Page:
A major role in all the smooth sailing is played by the OS optimisations. The phone gets OxygenOS 11.3 based on Android 11. This is sprinkled with ColosOS 11.3 as a result of the Oppo-OnePlus collab. This merger results in a few visual changes: you get to see a change Settings menu, camera app, the battery section, and even the option to disable the app drawer. But what still acts as the glue to bind ColorOS and OxygenOS is the latter’s clean, bloatware-free look. Despite the changes, you will find the phone running smoothly as before. Plus the Zen Mode is the “Zen” you need to balance out the stressful work-leisure life. But, it isn’t the smoothest of them all and has its own share of buggy obstacles: occasional touch issues and unstable brightness levels are a few of them. That said, OnePlus is usually known for solving such issues with updates and since the Nord 2 is promised to get up to 3 years of updates, we can expect timely solutions.
The Nord 2 gets dual speakers that are fairly loud and clear. During calls, the volume levels weren’t up to the mark as it required to be set to full volume for interruption-free conversations. So was the case while listening to music.
This is where the Nord 2 can be termed an upgrade to its predecessor. It gets the main camera that the high-end OnePlus 9 has in the form of an ultra-wide lens, an ultra-wide camera, and a monochrome lens. This time, the dual front camera setup is a no-show and there’s a single one instead. Some noteworthy camera features have made it to the phone too: an improved Nightscape mode, Portrait mode, Dual-view videos, some visible AI enhancements, and more.
Not just on paper, the Nord 2’s cameras are something in real life too. Images are high on vivid colours and there are details too. But, the inclination is more or less towards saturation. Plus, not all the cameras prove to be the best. If I have to rank, it will be the main camera > the ultra-wide camera > the monochrome lens. In broad daylight and even the slightly low-light conditions, the 50-megapixel primary camera holds the fort well for the Nord 2. This only goes on to diminish in terms of details if you are shooting in the evening. Plus OIS helps ensure non-shaky images.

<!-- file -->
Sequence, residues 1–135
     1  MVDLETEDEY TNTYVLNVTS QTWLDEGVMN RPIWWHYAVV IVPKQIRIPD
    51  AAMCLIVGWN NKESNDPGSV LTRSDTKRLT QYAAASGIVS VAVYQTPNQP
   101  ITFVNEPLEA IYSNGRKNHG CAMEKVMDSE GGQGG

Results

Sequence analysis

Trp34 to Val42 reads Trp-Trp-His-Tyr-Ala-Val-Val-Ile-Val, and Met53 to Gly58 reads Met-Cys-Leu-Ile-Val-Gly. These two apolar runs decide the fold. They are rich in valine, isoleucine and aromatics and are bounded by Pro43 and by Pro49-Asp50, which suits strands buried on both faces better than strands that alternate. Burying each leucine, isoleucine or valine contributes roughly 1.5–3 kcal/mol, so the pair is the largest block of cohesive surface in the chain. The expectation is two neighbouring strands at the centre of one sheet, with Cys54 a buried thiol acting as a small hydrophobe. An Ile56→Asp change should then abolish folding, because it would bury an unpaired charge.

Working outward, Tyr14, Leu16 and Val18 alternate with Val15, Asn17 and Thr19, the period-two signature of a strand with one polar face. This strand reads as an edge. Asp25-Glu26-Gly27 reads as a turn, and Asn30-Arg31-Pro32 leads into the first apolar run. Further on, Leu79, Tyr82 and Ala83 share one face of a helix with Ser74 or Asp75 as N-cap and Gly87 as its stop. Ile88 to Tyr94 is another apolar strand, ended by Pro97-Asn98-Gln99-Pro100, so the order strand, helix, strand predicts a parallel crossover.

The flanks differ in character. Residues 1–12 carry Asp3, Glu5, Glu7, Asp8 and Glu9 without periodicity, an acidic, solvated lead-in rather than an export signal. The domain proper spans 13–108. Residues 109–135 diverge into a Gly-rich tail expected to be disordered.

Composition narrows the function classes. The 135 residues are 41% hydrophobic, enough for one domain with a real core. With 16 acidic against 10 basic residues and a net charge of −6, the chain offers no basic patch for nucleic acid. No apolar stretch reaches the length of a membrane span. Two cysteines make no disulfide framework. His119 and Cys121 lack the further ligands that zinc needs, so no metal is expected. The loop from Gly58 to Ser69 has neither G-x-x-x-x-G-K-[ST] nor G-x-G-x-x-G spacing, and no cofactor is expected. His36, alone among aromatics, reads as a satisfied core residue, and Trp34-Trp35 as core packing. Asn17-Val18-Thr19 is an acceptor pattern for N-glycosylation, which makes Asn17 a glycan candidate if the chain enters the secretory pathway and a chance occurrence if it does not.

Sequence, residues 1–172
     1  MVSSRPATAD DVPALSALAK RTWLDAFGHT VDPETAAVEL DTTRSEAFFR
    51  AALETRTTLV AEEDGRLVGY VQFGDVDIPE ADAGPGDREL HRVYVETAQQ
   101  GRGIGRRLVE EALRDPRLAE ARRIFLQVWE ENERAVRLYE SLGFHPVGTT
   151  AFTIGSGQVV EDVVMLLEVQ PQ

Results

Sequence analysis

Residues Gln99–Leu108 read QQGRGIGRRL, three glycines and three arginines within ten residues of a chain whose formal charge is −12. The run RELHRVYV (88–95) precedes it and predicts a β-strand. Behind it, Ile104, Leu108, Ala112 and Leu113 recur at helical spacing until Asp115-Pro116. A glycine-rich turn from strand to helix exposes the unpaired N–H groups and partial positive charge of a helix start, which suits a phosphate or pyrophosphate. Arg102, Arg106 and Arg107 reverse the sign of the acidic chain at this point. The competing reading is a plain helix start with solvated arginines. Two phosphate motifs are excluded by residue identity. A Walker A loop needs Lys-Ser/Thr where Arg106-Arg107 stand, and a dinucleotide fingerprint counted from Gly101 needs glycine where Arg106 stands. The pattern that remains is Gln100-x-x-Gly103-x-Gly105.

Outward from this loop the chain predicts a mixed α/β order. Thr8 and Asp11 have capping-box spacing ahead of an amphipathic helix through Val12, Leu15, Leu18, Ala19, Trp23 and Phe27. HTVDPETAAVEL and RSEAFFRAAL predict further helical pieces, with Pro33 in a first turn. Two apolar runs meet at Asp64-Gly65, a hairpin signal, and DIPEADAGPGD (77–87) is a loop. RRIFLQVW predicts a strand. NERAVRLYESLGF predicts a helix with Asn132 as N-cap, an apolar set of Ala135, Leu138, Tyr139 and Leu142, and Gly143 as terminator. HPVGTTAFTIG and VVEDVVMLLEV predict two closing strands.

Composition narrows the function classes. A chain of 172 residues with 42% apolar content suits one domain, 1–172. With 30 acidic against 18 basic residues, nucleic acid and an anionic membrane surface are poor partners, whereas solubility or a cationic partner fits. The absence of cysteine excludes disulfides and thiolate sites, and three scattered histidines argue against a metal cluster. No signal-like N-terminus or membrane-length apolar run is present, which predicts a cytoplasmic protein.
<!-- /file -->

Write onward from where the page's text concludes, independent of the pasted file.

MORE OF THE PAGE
The ultra-wide camera does its job well but loses on the details and there’s edge distortion too. The monochrome lens is just there and doesn’t make a significant contribution to the Nord 2 camera performance. The black and white shots turn out well but OnePlus could have gotten away from a dedicated mono lens. A macro camera would have more sense right now.
The disappointment further continues with the Portrait mode. All you get is over-exposed and muted photos with no sharpness. This is when I was reminded of how the OnePlus 5’s portrait mode was: something more distinguishing with natural tones. The device supports up to 5x zoom and images turn decent enough. Going beyond that mark will give you an animated output. The AI toggle is said to further enhance the photos but ends up in more exposure and a smudged result. The Nightscape mode can help you take decent images in low-light but will have a yellow tint to them.
Selfies turn out pretty good. In daylight or even in the case of indoor shots, the front camera churns out good-looking photos. The colour reproduction isn’t that natural but if you often find yourself applying filters to the selfies you post, there won’t be a need anymore.
As for the videos, the colour reproduction and stabilisation have been akin to the primary camera’s still images. Dual-Video mode is a pretty decent addition and can help Vloggers and Instagrammers big time.
The combination of a 4,500mAh battery with 65W fast charging and the battery optimisations is really good. With my kind of usage that involves all the things I mentioned above, the phone was able to end my day at 20 to 30 per cent. Throw in some more tasks (such as the AI optimisations) and it will impact the percentage by a maximum of 10 per cent. Even this is fine at the end of the day.
And when the battery goes from 5 per cent to 100 per cent in just 35 minutes, do we even have anything to worry about? On a fine day when I had to rush out in about 30 minutes with the Nord 2, I didn’t have to worry about the almost emptied battery icon. Even though the phone lacks wireless charging, I don’t have anything to complain about.
With a number of visible changes, the Nord 2 isn’t just another upgrade but a true one. It involves maximum things we require from a phone: fast performance, fast charging, vivid viewing experience, decent enough cameras, and a clean UI. And, it’s future-proof too. All this starting at under Rs 30,000 and anyone could be lured.
But, it comes with its share of caveats. To start with, it is slightly more expensive than the first Nord. The cameras aren’t the best, a 120Hz display could have been done, and a totally different design could be adapted.
Despite these, it is a phone that gives us what most of us are seeking: a premium experience that doesn’t go south of Rs 40,000. It competes well with the likes of the Mi 11X, which becomes a topic of debate due to the not-so-easy MIUI 12 and even the OnePlus 9R that is slightly expensive. If I have to recommend it, the Nord 2 is an easy choice.
The post OnePlus Nord 2 Review: A different dimension for the Nord appeared first on BGR India.